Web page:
Soon known as an old man on young shoulders at Ajax, Martinez impressed over the course of that first season, starting all but one of his 37 games in all competitions before the Eredivisie campaign was cut short by the pandemic in April 2020.
Height no barrier in defense
The following season proved more challenging for Martinez, with Ten Hag initially preferring to use Ryan Gravenberch in the deep midfield role and Daley Blind as his left centre-back.
But after a few months at the periphery, Martinez fought his way back into the team, this time in central defence, where he formed an effective partnership with academy graduate Jurrien Timber.
The move back from midfield to centre-back required additional defensive responsibility from Martinez, but his deeper play made him no less influential in Ajax’s build-up play.
In fact, he averaged more passes per 90 minutes than any other Eredivisie player last season, while only two players directed more passes per 90 minutes.
Those numbers underscore Martinez’s ability to play through opposing lines, but he’s similarly adept at switching games and picking teammates at longer distances. At Ajax, no player made more successful long passes per 90 minutes last season.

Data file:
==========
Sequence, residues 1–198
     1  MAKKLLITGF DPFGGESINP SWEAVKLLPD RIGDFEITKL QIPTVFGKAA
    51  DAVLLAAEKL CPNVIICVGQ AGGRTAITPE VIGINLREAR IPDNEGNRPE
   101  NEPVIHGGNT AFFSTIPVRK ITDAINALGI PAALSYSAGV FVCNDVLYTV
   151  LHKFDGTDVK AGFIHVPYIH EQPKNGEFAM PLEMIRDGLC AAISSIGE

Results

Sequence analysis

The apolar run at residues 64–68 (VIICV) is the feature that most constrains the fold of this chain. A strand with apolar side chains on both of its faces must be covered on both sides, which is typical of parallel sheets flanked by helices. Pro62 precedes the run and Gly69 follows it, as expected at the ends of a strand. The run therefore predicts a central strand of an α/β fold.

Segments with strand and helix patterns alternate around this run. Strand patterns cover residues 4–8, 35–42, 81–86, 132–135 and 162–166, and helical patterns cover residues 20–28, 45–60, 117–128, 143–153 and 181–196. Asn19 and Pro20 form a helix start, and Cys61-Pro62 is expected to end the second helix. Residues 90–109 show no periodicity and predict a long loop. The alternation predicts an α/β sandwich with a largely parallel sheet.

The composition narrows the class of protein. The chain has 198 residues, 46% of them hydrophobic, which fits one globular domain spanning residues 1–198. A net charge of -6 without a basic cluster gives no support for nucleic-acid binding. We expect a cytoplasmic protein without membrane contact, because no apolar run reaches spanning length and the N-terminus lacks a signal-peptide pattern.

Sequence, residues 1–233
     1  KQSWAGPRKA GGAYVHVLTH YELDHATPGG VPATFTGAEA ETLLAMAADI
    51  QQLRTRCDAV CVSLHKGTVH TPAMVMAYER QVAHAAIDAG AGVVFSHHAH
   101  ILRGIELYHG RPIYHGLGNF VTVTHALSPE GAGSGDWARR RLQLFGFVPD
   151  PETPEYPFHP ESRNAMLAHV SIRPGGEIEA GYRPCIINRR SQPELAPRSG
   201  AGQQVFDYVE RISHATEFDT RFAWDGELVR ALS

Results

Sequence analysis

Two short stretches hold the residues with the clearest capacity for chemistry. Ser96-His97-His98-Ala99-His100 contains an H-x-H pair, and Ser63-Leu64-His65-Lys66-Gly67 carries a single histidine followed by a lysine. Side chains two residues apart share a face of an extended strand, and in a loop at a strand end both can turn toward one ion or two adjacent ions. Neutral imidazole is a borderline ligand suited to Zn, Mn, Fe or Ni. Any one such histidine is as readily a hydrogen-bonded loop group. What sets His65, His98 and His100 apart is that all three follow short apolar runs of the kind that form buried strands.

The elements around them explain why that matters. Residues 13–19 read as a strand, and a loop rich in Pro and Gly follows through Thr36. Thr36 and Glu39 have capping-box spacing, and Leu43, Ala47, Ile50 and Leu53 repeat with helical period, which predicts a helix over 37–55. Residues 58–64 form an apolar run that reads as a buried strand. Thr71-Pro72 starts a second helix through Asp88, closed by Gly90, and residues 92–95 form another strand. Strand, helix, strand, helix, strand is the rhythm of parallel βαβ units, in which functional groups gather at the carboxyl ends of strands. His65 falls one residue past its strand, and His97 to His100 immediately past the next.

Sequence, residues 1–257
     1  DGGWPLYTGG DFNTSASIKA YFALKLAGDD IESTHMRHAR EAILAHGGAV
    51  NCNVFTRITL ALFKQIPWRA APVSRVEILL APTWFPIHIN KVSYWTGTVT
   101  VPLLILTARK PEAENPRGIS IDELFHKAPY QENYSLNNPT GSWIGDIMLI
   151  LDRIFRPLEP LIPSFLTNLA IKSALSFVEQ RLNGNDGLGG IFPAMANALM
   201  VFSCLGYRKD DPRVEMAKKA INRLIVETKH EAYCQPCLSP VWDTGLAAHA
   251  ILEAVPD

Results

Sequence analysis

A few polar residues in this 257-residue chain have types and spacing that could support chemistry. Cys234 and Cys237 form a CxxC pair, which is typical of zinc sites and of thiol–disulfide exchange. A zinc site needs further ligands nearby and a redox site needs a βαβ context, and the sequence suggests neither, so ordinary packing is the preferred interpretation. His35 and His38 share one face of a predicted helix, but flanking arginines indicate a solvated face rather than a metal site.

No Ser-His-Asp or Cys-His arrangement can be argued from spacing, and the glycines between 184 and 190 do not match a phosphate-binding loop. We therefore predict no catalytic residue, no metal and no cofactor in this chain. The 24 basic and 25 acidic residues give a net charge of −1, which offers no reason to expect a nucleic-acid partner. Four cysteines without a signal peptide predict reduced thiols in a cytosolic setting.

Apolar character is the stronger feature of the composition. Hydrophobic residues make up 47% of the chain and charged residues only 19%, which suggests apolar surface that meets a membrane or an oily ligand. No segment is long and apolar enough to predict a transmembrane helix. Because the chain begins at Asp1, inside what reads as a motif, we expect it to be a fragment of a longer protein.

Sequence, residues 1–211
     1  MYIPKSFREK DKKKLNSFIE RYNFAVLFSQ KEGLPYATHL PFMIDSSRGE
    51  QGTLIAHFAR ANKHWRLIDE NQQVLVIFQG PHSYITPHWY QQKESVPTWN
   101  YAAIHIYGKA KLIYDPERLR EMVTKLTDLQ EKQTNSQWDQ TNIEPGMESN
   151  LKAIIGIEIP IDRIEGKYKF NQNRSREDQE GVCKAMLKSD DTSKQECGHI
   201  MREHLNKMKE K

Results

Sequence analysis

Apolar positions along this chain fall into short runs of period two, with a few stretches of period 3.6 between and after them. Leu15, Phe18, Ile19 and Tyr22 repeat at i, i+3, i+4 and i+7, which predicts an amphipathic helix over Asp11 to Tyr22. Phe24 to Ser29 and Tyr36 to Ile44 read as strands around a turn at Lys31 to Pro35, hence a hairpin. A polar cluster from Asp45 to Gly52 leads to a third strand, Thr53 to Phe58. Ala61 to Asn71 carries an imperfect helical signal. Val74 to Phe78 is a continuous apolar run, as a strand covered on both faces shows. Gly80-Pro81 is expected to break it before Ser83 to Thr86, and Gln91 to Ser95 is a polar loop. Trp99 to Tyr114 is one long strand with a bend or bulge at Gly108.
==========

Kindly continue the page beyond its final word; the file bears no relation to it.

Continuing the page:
The return to centre-back allowed Martinez, who was voted Ajax’s player of the year for his role in last season’s Eredivisie title-winning campaign, to allay any doubts about his physical fitness for the role.
Martinez is just 5ft 9in making him small for a centre-back, a relative lack of height that convinced his youth club Newell’s Old Boys to allow him to join rivals Defensa y Justicia as a young player in Argentina.
“His natural position is in central defence, but because he’s not tall his coaches at Newell’s doubted him when he tried to win his place,” said Nicolas Diez, one of his coaches at Defensa y Justicia, in an interview with The country shortly after his departure to Ajax.
“They were a bit worried about the height issue,” Martinez recalls, “but I never gave it any importance.”
Instead, he decided to make up for it in other ways.
Like compatriot Roberto Ayala, a former Argentina international who despite his small stature is considered one of the best central defenders of his generation, Martinez is deceptively strong in the air and possesses an impressive vault.
Last season at Ajax he made more headers (29) than any other player and won 79 of his 112 header duels, giving him a 71 per cent win rate and putting him behind Harry Maguire in second place below Manchester United and Arsenal’s current center – The back.
Martinez can of course expect to face more challenging opponents in the Premier League, but solid reading of the game also helps. He’s known for anticipating the runs of forwards and positioning himself wisely to make tackles and interceptions.
These qualities, coupled with his versatility and technical prowess, make him all the more appealing to Premier League suitors. Whether he ends up at Old Trafford or the Emirates remains to be seen, but Lisandro Martinez has already come a long way.
Follow the transfer window with Sky Sports
Who will move before the transfer window closes this summer? 11pm on September 1st?
Stay up to date with the latest transfer news and rumors on our dedicated Transfer Center blog Sky Sports’ digital platforms. You can also learn about the pros and cons and analysis Sky sports news.